Micromet Initiates Trial For Solid Tumor Treatment

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Micromet starts phase 1 clinical trial with its BiTE antibody MT110. The study will explore the safety, pharmacokinetics, pharmacodynamics and anti-tumor activity of MT110 in patients with lung and gastrointestinal cancers.

MT110 targets the epithelial cell adhesion molecule (EpCAM or CD326), which is highly expressed on colon, lung, breast, prostate, ovarian, gastric and pancreas cancers. Additionally, EpCAM has been found on cancer stem cells of colon, breast, prostate and pancreas cancers. Cancer stem cells are believed to cause metastases and recurrence of these cancers. MT110 is the second BiTE antibody in clinical trials, and the fourth clinical program in Micromet's product pipeline. The first BiTE antibody, MT103 (MEDI-538), is now in phase 1 and phase 2 clinical trials for the treatment of haematological cancers.

"BiTE antibodies enable the patients' own T cells to very efficiently eliminate tumor cells," comments Patrick Baeuerle, Chief Scientific Officer of Micromet, "In various experimental tumor models, we have demonstrated the high therapeutic potential of EpCAM-specific BiTE antibodies, and we are now looking forward to determining the safety and the therapeutic potential of MT110 in patients."

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"Having obtained clinical proof of concept for our BiTE antibody technology with MT103 in haematological cancers, we are excited about exploring the potential of MT110 in treating solid tumors," comments Carsten Reinhardt, Chief Medical Officer of Micromet. "Based on its unique mode of action, MT110 may be suited to treat established tumors as well as disseminated cancer cells, which frequently give rise to metastases."

About BiTE Antibodies

BiTE antibodies are designed to direct the body's cytotoxic, or cell-destroying, T cells against tumor cells, and represent a new therapeutic approach to cancer therapy. BiTE antibodies have been shown to induce an immunological synapse between a T cell and a tumor cell in the same manner as observed during physiological T cell attacks. These cytolytic synapses enable the delivery of cytotoxic proteins from T cells into tumor cells, ultimately inducing a self-destruction process in the tumor cell referred to as apoptosis, or programmed cell death. In the presence of BiTE antibodies, T cells have been demonstrated to serially eliminate tumor cells, which explains the activity of BiTE antibodies at very low concentrations and at very low ratios of T cells to target cells. Through the process of killing cancer cells, T cells proliferate, which leads to an increased number of T cells at the site of attack.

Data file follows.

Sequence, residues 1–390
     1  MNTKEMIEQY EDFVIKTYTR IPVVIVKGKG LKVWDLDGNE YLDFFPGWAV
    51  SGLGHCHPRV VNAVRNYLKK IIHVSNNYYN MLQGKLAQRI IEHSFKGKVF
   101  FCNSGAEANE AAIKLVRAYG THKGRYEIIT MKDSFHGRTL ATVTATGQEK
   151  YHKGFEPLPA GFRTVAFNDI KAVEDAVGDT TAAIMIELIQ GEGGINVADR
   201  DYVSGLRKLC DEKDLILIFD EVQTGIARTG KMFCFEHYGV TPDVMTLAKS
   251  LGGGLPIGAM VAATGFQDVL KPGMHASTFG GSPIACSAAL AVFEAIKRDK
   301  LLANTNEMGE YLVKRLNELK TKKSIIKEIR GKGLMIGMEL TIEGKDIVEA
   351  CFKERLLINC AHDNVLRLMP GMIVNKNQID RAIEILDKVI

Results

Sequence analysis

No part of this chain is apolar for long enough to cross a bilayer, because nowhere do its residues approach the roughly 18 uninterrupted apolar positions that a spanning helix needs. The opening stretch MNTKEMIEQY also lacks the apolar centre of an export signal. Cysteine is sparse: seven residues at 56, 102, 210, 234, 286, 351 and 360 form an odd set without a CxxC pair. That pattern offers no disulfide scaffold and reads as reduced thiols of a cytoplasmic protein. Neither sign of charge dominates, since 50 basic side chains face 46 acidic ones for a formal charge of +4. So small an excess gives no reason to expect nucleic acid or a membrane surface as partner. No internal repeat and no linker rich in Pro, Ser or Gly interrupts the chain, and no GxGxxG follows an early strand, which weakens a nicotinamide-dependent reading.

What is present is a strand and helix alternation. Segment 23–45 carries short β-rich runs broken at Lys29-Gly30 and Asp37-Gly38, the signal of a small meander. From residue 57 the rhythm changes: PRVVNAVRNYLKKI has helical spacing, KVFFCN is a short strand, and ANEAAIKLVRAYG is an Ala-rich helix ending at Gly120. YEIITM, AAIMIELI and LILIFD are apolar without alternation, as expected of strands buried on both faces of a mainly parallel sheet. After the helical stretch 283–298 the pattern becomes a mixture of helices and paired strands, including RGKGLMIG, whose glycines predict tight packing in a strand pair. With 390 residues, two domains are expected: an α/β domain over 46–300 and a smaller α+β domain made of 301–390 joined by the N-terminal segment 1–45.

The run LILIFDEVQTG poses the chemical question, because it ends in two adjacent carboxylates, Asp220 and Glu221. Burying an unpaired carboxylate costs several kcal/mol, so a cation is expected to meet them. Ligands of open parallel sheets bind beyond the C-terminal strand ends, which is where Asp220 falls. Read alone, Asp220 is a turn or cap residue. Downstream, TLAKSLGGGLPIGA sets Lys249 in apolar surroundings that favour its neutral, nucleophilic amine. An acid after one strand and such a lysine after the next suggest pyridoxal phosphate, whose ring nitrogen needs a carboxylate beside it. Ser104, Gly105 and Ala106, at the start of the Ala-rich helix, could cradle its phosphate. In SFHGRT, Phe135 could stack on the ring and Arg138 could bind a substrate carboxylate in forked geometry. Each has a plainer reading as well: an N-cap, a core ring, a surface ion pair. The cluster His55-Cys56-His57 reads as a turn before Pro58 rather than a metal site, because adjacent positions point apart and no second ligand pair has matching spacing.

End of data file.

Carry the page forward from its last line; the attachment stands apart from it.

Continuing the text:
Several antibodies in Micromet's product pipeline are BiTE antibodies and have been generated based on Micromet's proprietary BiTE antibody platform. The most advanced BiTE antibody is MT103 (MEDI-538), targeting CD19, and has provided proof-of-concept in an ongoing phase 1 clinical study in patients with advanced non-Hodgkin's lymphoma. MT110, which is targeting EpCAM (CD326) and is the first BiTE antibody with potential applications in the treatment of solid tumors, is in a phase 1 clinical trial in patients with lung and gastrointestinal cancers. Two additional BiTE antibodies, targeting CD33 and MCSP, are in preclinical development.

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